As one actress observed during the filming of Breaking the Waves (1995), von Trier’s first (nearly) Dogme film, Lars had spent all of his career mastering cinematic techniques but felt less comfortable dealing with characters and their emotions. Dogme was a way of challenging himself to exercise this weak muscle. As with many of these films, he succeeded largely by picking some very talented and charismatic actors, like Emily Watson and Björk, and crafting some unforgettable characters. Riget is led by by von Trier regular Ernst-Hugo Järegård, who manages to endow the comically horrible toad of a surgeon Stig Helmer with a strange kind of charm. The supporting cast includes a doctor running a black market barter-system in the basement; a blue-sky-thinking bureaucrat; a medical student who watches horror films to get over her fear of blood; and the lead neurosurgeon’s son, who subjects himself to sleep experiments in order to bed his favourite nurse.

The horror plot centres around a would-be psychic and her plucky son Bulder trying to figure out why a dead girl is haunting the elevators. They find more than they bargain for when spirits and later demons start coming out of the woodwork.. Much in the same way that Stanley Kubrick took the ghost story of King’s The Shining and turned it into a more nuanced family psycho drama, von Trier takes a patently ridiculous premise and attempts to explore how more or less ‘real’ people would react to the stress. This is not to say that it’s ‘realistic’, just that it’s fleshed out enough so that lines like "I love you but I have reason to suspect that you’re a ghost" are funny-endearing, not funny-embarrassing.

This is all part of von Trier’s peculiar and dry, some might say bad, sense of humour (did you hear the one about him being a Nazi?). You can have your heartstrings pulled by a mother-baby dynamic while simultaneously laughing at the fact that the baby is played, straight faced, by veteran German actor Udo Kier with a little demon baby body. It’s the same as falling in love with Emily Watson’s Bess McNeill in Breaking the Waves while smirking at some of the ridiculous things, von Trier has her doing – handjob on a bus?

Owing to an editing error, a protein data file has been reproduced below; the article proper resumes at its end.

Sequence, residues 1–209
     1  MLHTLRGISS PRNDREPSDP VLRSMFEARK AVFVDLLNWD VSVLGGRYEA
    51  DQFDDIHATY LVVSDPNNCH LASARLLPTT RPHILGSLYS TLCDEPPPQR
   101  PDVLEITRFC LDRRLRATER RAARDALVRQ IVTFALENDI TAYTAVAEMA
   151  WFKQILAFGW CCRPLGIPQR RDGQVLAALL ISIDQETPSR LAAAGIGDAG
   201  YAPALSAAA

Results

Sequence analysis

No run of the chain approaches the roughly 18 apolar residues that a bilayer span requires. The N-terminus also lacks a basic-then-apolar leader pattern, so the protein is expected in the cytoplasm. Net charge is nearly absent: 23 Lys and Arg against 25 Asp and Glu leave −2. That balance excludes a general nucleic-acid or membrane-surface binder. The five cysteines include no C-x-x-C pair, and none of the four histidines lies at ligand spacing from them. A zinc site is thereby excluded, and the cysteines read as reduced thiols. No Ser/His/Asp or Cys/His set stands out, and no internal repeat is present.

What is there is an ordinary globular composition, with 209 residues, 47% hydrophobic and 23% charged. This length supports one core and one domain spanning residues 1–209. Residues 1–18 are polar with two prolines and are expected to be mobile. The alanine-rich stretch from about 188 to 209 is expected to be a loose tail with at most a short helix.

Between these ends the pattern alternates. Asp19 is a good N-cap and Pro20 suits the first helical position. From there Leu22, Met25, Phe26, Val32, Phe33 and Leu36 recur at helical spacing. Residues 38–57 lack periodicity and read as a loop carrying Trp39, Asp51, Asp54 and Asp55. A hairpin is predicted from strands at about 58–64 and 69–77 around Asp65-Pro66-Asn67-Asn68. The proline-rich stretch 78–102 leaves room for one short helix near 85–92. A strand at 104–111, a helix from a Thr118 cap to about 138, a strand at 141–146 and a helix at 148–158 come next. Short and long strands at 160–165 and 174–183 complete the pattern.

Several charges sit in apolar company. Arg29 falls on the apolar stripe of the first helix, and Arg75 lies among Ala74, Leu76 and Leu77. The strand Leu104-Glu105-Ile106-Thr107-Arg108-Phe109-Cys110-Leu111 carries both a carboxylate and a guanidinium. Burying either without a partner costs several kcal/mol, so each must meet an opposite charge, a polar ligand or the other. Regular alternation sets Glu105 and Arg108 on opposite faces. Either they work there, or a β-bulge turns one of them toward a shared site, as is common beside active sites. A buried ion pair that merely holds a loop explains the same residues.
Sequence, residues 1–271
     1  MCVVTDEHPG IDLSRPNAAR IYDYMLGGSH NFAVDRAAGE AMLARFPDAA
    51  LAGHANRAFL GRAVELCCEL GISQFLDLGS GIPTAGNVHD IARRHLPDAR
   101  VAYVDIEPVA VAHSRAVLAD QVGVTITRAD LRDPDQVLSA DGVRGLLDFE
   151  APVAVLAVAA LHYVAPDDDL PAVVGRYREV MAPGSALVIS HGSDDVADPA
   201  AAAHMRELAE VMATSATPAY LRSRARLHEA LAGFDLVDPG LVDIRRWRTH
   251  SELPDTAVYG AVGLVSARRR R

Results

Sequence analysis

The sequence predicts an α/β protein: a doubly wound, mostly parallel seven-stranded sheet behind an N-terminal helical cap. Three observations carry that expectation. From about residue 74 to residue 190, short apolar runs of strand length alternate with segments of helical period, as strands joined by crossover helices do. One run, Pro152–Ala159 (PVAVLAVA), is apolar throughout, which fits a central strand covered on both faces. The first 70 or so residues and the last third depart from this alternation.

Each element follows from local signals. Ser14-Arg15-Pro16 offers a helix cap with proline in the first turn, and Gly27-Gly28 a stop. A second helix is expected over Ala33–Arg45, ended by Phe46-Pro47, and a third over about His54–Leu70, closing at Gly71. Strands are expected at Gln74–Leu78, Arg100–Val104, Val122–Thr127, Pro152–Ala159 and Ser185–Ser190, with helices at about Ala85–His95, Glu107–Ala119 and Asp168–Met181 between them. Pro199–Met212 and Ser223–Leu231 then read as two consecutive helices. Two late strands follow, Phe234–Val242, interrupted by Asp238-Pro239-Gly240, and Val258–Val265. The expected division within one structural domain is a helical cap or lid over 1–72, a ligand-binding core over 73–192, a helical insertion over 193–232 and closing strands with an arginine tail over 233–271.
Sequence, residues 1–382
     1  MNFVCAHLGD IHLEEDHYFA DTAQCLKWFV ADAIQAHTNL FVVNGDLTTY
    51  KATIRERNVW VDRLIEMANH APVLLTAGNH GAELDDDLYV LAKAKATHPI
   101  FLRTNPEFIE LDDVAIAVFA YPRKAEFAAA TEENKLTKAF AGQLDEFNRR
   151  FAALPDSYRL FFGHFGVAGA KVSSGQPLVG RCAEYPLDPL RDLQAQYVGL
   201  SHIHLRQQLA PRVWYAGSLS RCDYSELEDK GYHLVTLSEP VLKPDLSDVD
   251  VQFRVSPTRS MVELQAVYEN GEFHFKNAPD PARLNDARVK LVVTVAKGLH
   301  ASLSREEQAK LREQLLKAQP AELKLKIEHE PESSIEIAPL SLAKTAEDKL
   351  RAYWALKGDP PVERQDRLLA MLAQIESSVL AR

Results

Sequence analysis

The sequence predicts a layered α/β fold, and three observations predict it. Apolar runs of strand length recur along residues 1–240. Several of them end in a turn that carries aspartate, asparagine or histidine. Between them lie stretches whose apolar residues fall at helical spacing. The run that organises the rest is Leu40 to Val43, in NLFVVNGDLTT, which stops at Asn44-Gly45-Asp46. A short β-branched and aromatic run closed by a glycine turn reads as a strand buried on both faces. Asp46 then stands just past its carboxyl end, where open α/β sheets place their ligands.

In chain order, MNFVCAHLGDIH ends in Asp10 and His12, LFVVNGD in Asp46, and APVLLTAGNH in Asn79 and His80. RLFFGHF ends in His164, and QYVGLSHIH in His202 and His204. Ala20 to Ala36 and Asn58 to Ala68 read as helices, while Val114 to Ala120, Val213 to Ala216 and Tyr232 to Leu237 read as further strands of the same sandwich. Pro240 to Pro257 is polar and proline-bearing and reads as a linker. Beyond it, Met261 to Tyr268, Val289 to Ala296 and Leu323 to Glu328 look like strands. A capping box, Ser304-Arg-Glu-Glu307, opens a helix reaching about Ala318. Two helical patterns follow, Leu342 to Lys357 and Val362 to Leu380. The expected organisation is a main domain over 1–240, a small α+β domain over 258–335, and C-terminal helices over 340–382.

But the humour is periodically punctuated with very skilful scares, often delivered though suggestion, not special effects. One frightful reveal is actually lurking in the background of a scene for several episodes, until both you and the characters notice it. And then there’s a hefty dose of real life medical horror – brain-injured children, unnecessary surgery, disease and death.

Drawn from von Trier’s own observations of the real Riget Hospital, the show is also wickedly effective as a satire of the medical profession. The idea of hyper-rational scientists carrying on the daily running of a hospital while being constantly confronted by paranormal happenings perfectly symbolises the way some doctors can ignore that which doesn’t fit their rigid models. The show also speaks to all that is irrational and unscientific about a hospital: it seems to be dominated by bureaucracy, targets and procedure but is actually driven by politics, illicit favours, old traditions, and various types of alternative medicine. This might seem like a very didactic way to make a point (see The Idiots and Manderlay) but it’s also comedy gold and never comes across as heavy-handed.

Unfortunately, Stephen King’s von Trier-sanctioned remake of Riget is exactly what you expect: a heavily Americanised, drawn out series with gratuitous special effects and a more spelled-out back-story – sort of the show von Trier apologised for not making in the first episode. But Garth Marenghi owes a lot more than the premise to Riget – everything from the establishing shots of the hospital, a lone doctor on the roof, demonic ceremonies and possibly even the common continuity error of wildly fluctuating levels of coffee are referenced.

What makes Riget such good remake material and spoof material, despite being deeply funny itself, is that it was so iconic to begin with. It’s overflowing with ideas which could easily be spread out to fill several seasons. Some might find it merely a less ambitious version of Twin Peaks, set in a hospital, but even in the era of The Wire and Sopranos that’s nothing to sniff at.